Ronald A. Bosco and Joel Myerson (eds), The Later Lectures of Ralph Waldo Emerson, 1843–1871, Vol. 1: 1843–1854
pg 39New England, Lecture III: "New England:Genius, Manners, and Customs"28 January 1843(1843–1844)——————————————————————————————
Emerson ﬁrst delivered this lecture as "Manners and Customs of New England" on 28 January 1843 as the third of ﬁve lectures in a New England series at the Chinese Museum in Philadelphia, for which he received no more than $100 (Letters, 3: 139). He repeated this lecture as "New England: Genius, Manners, and Customs" on 17 February 1843 as the third of ﬁve lectures in a New England series at the New York Society Library in New York City. After expenses in New York, he was able to clear $9 per lecture (Letters, 3:150). Emerson received a favorable summary of his delivery before the New York Society Library in two full columns in the New-York Daily Tribune ("Mr. Emerson's Third Lecture," 18 February 1843, 2).
"New England: Genius, Manners, and Customs" was the most popular of the ﬁve lectures associated with the New England series, and on several occasions Emerson delivered it under various titles as a lecture independent of the series. He delivered this lecture as "The Genius, Manners and Character of the New England People" on 23 February 1843 before the Hamilton Society in South Brooklyn, New York, for which he received $10 (Letters, 3:150n); as "New England Character" on either 15 November 1843 or 4 January 1844 before the Concord Lyceum in Concord, Massachusetts (see Emerson and Thoreau Speak, 158); as "The Characteristics of New England" on 5 December 1843 in Woonsocket, Rhode Island, for which he received $15; as "New England" on 6 December 1843 before the Franklin Lyceum in Providence, Rhode Island, for which he received $25; under an unknown title on 8 December 1843 before the Newburyport Lyceum in Newburyport, Rhode Island, for which he received $15; as "The New England Man" on 10 January 1844 before the Salem Lyceum in Salem, Massachusetts, for which he received $20; and as "New England Character" on 16 April 1844 before the Billerica Lyceum in Billerica, Massachusetts, for which he received $8 (except as noted, lecture fees are from the "Account Books"; for Emerson's lecture before the Billerica Lyceum, see Joel Myerson, "The Dating of Emerson's Lecture at Billerica in 1844," in Studies in English and American Literature: A Supplement to American Notes and Queries, ed. John L. Cutler and Lawrence S. Thompson [Troy, N.Y.: Whitston, 1978], 246; for additional details on all of these deliveries of "New England: Genius, Manners, and Customs" as a lecture independent of the New England series, see Simmons, "Emerson's 1843–1844 New England Lectures").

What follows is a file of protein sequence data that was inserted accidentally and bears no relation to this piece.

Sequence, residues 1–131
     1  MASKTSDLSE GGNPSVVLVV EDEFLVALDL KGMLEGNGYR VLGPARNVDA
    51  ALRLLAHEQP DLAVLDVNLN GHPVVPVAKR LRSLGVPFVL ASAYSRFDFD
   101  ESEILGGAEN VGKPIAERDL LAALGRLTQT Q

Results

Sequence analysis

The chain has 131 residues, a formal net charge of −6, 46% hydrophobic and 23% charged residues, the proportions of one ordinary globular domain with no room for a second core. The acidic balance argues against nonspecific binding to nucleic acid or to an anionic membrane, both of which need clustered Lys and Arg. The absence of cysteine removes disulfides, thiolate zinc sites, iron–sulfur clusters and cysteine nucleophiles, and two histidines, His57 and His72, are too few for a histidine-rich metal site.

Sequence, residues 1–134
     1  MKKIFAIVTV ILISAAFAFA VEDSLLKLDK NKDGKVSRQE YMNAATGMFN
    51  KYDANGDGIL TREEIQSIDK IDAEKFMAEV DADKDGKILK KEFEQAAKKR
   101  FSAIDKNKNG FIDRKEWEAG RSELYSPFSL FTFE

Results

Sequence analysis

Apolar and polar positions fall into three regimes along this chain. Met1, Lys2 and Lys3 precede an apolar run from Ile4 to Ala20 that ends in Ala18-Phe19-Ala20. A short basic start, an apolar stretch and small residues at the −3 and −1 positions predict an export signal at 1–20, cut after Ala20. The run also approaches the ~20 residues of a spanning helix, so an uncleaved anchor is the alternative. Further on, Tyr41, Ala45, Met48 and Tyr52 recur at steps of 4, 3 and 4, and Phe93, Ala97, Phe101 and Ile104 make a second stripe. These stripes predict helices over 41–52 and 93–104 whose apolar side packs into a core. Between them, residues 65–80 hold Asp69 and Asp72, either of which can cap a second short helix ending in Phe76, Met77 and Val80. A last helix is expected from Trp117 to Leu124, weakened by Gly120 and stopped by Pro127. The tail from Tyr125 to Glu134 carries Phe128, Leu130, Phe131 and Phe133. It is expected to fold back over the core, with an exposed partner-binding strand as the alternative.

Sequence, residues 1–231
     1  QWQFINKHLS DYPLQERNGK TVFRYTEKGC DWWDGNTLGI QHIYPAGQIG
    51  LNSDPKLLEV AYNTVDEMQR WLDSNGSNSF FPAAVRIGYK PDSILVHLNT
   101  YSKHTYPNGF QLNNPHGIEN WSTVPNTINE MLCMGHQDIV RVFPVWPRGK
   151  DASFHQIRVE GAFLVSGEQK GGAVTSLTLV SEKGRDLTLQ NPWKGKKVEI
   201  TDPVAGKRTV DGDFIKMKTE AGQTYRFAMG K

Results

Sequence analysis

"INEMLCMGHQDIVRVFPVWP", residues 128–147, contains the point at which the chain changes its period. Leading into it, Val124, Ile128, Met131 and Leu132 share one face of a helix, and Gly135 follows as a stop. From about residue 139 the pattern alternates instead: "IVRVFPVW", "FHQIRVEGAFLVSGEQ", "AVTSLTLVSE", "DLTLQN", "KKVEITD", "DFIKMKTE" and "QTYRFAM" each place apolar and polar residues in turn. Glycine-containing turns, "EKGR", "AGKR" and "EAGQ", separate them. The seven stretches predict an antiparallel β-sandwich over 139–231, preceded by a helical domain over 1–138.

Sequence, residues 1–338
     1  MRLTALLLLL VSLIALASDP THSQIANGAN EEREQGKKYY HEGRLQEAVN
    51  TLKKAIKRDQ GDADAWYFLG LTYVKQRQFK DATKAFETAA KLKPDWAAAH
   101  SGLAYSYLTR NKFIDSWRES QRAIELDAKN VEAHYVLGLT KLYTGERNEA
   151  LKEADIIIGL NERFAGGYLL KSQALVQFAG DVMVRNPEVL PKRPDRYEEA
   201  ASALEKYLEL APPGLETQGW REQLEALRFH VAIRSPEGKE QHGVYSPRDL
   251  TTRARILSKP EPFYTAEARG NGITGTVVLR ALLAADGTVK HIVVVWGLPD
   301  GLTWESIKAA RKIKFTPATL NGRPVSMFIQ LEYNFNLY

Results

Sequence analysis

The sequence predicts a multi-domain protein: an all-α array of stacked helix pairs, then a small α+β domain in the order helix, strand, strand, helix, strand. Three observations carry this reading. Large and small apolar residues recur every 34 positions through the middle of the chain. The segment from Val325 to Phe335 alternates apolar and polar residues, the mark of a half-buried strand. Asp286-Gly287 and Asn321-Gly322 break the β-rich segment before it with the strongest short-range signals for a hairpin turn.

For the reasons given in the headnote to Emerson's New England series (see above), pg 40the title used for this lecture in this edition is taken from the title under which the lecture was advertised when Emerson delivered it on 17 February 1843 at the New York Society Library. The text of this lecture has never been published under any of the titles associated with it.
In my last lecture, I attempted to sketch some of the historical manifestations of the spirit of commerce which so strongly characterizes the English race in both hemispheres, and I enumerated the good results with their limitations which have ﬂowed therefrom in New England. In the present lecture, I proceed to add some details that may still farther ﬁll up the portrait of this race. Many of my remarks are of a miscellaneous character. I am not careful that they are not. A principal object with me is to name, (in any order), if I can, the chief facts in the recent literary and spiritual history of New England, believing that if we can rightly select those, we write the history of history: for it is to these that the mere recorder of facts must come at last. Neither is it to me of any importance to conﬁne my sketches to a geographical section, for I am well aware that as soon as we say anything deep and true, it keeps no territorial limits. The heart is the citizen of every country, and so is strength of character. National characteristics, as soon as a man is well awake, give way to individual ones: as physicians say that fever in every new constitution is a new malady.
The national traits which have for ages distinguished the English race are for the most part very obvious in the New England character, only qualiﬁed by the new circumstances of a wide land, a sparse population, and a democratic government. The traits of the Englishman are found throughout America, so that to foreign nations it very naturally appears only an extension of the same people. In New England, where the population is most homogeneous and most English, they are very purely preserved, so as to give rise to the remark, that the Yankee is double distilled English. The British family is expanded, but not altered. The national traits are the same for centuries. We see at this moment only the demonstration of the thoughts which were already ripe in the beginning of the seventeenth century, when the Religious War drove the Puritans to America. The two main points by which the English nation was then distinguished, the two points by which they attached themselves to the heavens and the earth, to the mind and to matter, namely, Conscience and Common Sense, or, in view of their objects, the love of Religion and the love of Commerce,—Religion and Trade,—are still the two hands by which they hold the dominion of the globe.